For services, the model should contain a series of steps that can be simulated in the real world or a role-play scenario.

5 – Test and iterate

In the final phase, the business shares the prototypes with the end-user to collect feedback and make improvements over multiple iterations.

Teams should remember that the testing phase should not be used to defend their solution. Instead, it is more beneficial to think of it as a chance to learn more about the end-user. In other words, what do they like or not like about the prototype and why?

The process of iteration continues until each stakeholder is satisfied that the product has the potential to be brought to market.

Key takeaways:

  • Human-centered design (HCD) is an approach that makes users the priority to develop useful products and services.
  • Provided the end-user is actively involved in the process, human-centered design is an effective way to create products users want which drives brand engagement and loyalty. Product teams must immerse themselves in the lived experience of the end-user as a priority.
  • Human-centered design typically consists of five phases: empathize with the user, define the problem, ideate solutions, build the prototype, and test and iterate.

Main Free Guides:

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The jobs-to-be-done (JTBD) framework defines, categorizes, captures, and organizes consumer needs. The jobs-to-be-done framework is based on the premise that consumers buy products and services to get jobs done. While products tend to come and go, the consumer need to get jobs done endures indefinitely. This theory was popularized by Tony Ulwick, who also detailed his book Jobs To Be Done: Theory to Practice.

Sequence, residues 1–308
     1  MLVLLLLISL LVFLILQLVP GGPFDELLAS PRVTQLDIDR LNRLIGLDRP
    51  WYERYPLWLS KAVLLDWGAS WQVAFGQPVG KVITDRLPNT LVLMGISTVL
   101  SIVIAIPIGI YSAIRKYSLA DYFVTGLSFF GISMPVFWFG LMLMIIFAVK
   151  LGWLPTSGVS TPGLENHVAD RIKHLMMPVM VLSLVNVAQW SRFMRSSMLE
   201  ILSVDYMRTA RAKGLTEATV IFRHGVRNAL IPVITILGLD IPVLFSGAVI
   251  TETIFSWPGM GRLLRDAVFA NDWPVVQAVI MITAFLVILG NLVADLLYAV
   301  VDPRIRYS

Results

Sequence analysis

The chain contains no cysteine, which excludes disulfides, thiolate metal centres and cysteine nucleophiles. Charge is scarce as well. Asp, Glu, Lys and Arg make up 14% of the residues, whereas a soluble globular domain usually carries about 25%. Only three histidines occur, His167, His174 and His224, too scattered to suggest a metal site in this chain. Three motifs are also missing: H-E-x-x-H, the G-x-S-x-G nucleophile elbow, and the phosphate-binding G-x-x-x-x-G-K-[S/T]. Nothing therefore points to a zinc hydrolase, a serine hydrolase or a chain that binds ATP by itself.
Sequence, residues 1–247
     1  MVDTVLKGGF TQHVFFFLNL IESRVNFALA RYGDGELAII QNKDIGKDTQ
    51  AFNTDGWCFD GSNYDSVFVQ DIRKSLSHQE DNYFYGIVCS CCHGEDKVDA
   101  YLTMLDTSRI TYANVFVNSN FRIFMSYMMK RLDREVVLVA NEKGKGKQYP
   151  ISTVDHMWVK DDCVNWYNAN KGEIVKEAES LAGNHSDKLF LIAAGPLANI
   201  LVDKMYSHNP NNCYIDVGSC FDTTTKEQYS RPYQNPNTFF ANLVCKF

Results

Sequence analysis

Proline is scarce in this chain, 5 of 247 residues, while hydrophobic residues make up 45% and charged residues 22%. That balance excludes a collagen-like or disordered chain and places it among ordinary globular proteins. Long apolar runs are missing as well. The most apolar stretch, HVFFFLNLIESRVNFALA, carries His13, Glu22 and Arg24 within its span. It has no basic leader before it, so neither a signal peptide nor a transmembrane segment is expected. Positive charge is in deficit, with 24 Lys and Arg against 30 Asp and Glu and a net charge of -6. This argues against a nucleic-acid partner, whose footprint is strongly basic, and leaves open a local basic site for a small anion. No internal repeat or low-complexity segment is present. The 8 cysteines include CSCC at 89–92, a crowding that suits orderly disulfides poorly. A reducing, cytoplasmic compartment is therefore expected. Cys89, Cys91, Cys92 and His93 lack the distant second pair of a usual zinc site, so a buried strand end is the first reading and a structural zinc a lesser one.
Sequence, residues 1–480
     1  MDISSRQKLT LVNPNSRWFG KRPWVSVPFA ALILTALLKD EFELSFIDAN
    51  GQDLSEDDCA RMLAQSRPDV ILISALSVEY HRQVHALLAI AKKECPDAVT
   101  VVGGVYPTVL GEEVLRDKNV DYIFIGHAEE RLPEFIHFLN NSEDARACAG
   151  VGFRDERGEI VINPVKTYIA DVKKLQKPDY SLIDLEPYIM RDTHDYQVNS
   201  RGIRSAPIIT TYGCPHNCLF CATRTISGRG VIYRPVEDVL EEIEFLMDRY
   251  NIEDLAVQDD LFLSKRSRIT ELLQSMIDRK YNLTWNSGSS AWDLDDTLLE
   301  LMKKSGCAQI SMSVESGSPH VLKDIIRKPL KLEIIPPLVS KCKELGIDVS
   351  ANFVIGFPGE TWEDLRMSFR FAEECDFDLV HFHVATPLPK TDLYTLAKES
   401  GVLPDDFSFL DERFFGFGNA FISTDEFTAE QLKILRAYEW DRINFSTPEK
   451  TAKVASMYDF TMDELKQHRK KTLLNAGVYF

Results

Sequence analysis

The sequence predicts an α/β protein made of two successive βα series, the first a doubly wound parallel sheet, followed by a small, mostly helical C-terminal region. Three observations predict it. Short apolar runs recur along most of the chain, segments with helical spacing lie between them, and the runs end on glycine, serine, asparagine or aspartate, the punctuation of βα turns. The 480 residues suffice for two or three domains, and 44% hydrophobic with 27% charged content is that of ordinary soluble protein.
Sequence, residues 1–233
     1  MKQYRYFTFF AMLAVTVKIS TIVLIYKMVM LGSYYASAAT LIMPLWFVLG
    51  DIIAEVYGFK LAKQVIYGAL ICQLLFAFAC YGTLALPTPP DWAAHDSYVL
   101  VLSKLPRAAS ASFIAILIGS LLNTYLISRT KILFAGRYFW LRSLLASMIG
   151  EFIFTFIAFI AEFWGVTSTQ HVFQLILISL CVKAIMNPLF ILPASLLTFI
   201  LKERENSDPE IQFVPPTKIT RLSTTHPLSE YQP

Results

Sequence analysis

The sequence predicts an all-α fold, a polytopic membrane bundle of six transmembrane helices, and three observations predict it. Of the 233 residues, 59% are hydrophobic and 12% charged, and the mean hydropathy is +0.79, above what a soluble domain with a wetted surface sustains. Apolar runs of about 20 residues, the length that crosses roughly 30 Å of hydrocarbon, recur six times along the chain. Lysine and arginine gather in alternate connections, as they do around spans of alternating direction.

Customer Obsession

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Customer obsession goes beyond quantitative and qualitative data about customers, and it moves around customers’ feedback to gather valuable insights. Those insights start with the entrepreneur’s wandering process, driven by hunch, gut, intuition, curiosity, and a builder mindset. The product discovery moves around a building, reworking, experimenting, and iterating loop.

Value Proposition Canvas

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value proposition is about how you create value for customers. While many entrepreneurial theories draw from customers’ problems and pain points, value can also be created via demand generation, which is about enabling people to identify with your brand, thus generating demand for your products and services.

Business Design

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business designer is a person that helps organizations to find and test a business model that can be tested and iterated so that value can be captured by the organization in the long run. Business design is the discipline, set of tools and processes that help entrepreneurs prototype business models and test them in the marketplace

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A design sprint is a proven five-day process where critical business questions are answered through speedy design and prototyping, focusing on the end-user. A design sprint starts with a weekly challenge that should finish with a prototype, test at the end, and therefore a lesson learned to be iterated.